The Choosing Wisely RI campaign promotes productive conversations between patients and doctor--conversations that research shows produce the right level of care and go a long way towards eliminating tests, procedures and medications that provide, little, if any benefit. The campaign is organized and promoted by the Rhode Island Business Group on Health (RIBGH) and draws on the expertise of the American Board of Internal Medicine Foundation. While we provide materials that enable patients to have informed conversations with their doctors and other health care providers, we do not provide any individual medical advice.
Choosing Wisely provides employees free-of-charge access to online tools developed by ABIMF and their 80+ Specialty Society partners.
The Choosing Wisely Mobile Phone App for Apple and Android phones gives employees the chance to view the Choosing Wisely materials and recommendations on their phones - possibly when they are in their physician's office!
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Vision Care for Children
When they need it - and when they don't
August is Children's Eye Health and Safety Month. In honor of this observance, we have included Choosing Wisely's recommendations on vision screenings for children from the American Association for Pediatric Ophthalmology and Strabismus (AAPOS).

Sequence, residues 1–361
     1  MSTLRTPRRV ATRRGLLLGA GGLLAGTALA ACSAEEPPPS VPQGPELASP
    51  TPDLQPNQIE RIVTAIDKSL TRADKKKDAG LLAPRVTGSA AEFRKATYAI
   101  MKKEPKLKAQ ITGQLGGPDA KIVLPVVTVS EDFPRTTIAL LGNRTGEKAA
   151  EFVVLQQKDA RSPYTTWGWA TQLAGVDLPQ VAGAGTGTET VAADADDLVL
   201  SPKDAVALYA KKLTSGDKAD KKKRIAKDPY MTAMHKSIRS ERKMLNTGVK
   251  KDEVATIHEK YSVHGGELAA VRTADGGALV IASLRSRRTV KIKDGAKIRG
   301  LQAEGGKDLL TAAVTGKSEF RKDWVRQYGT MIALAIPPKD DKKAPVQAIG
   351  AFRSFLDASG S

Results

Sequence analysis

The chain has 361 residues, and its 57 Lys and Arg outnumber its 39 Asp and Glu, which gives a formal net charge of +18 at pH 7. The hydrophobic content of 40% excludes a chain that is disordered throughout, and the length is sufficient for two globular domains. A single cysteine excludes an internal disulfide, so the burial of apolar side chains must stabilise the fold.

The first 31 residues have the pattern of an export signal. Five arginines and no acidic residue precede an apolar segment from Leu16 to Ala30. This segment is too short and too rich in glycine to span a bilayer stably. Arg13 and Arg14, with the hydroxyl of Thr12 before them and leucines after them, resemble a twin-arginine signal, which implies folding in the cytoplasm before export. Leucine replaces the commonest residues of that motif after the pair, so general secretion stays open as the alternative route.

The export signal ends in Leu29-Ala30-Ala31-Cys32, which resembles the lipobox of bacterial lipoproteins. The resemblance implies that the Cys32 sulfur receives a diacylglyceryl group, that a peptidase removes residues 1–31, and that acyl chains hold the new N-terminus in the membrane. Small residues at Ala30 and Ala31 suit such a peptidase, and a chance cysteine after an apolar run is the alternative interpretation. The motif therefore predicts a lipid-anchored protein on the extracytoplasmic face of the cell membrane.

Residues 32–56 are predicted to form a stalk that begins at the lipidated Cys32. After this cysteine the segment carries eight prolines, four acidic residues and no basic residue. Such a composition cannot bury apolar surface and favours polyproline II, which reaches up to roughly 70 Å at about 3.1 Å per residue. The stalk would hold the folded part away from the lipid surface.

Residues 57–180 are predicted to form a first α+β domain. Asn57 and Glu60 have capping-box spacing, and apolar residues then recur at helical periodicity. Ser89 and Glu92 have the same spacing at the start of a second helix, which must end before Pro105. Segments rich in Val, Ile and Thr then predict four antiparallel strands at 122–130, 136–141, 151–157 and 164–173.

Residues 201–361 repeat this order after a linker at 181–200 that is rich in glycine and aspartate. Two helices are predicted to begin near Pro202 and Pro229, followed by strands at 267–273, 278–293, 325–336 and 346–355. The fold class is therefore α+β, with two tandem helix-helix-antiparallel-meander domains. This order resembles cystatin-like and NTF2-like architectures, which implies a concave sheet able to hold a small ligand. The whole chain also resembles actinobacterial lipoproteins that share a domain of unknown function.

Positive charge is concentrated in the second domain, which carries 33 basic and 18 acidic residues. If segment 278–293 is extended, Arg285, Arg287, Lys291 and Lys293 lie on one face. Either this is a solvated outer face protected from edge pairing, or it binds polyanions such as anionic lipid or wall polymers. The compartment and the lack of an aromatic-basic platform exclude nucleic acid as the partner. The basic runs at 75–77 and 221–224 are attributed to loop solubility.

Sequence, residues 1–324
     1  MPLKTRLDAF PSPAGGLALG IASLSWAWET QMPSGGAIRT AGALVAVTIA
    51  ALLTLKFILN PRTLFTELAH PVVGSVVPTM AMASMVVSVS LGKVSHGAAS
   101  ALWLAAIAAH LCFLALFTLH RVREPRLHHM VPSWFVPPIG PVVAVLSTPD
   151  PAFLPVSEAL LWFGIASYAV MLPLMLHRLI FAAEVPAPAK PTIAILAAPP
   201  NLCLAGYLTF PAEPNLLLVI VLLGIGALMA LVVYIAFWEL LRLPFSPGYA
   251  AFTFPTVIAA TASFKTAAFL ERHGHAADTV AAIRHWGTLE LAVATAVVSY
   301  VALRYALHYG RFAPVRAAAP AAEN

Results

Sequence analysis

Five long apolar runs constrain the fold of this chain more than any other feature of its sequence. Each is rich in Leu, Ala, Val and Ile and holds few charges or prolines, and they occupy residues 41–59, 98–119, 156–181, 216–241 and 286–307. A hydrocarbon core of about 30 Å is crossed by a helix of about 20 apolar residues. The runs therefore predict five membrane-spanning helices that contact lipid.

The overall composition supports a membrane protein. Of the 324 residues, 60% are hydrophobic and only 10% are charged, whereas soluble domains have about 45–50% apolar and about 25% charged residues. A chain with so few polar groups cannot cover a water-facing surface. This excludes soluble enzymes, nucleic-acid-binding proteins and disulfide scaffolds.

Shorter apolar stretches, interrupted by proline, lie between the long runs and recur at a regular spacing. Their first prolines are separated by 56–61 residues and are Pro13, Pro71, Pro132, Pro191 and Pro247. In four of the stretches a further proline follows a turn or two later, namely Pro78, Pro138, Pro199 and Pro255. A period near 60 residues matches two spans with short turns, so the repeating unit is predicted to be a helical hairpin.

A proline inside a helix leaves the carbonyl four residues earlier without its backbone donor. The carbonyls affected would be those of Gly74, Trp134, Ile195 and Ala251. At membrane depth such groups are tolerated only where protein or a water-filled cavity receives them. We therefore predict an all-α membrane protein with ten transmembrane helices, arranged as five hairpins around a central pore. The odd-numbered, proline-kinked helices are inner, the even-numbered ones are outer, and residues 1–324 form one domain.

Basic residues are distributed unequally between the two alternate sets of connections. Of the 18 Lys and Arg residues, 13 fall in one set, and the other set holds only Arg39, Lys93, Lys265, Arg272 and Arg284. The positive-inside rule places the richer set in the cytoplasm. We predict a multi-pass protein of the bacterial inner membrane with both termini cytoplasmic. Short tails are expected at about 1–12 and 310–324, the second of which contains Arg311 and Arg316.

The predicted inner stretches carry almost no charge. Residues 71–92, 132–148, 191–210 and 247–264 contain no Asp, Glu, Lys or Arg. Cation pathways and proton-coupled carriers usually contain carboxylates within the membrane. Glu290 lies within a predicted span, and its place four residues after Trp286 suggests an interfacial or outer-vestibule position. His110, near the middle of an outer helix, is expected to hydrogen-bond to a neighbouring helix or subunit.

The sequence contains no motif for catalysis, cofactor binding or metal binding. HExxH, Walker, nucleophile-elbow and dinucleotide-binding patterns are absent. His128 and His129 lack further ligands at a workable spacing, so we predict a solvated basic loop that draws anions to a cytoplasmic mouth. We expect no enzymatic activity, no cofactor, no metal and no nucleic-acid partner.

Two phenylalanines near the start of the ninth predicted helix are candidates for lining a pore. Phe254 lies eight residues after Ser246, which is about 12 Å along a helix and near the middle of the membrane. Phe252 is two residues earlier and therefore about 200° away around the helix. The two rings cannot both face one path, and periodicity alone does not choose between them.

According to AAPOS, children should begin routine vision screenings early in order to rule out the condition of amblyopia, or "lazy eye," which can lead to vision loss. Traditionally, vision screenings are conducted by your child's pediatrician through the reading of vision charts or the use of photoscreeners. Photoscreeners measure the eye for vision impairment risk factors.
Here are the three key points the AAPOS advises parents to know about child vision care:
1. Most children don't need comprehensive eye exams each year.
Comprehensive eye exams are conducted by eye specialists, such as an optometrist or ophthalmologist. According to the AAPOS, children should only have comprehensive eye exams if they fail a routine vision screening, are diagnosed with a vision problem, or have a family history of vision problems. 15 in 100 children will fail a vision screening, but pass a comprehensive eye exam.
2. Children without symptoms don't need reading glasses.
Doctors sometimes prescribe low-level reading glasses for children who fail vision screenings. According to the AAPOS, these glasses are often unnecessary and ineffective. If your child demonstrates the following symptoms, they may need reading glasses:
3. Most children don't need retinal imaging tests.
Retinal imaging tests take photos or images of the retina, which is the part of the eye that sees light. According to the AAPOS, retinal imaging tests can be useful if a child:
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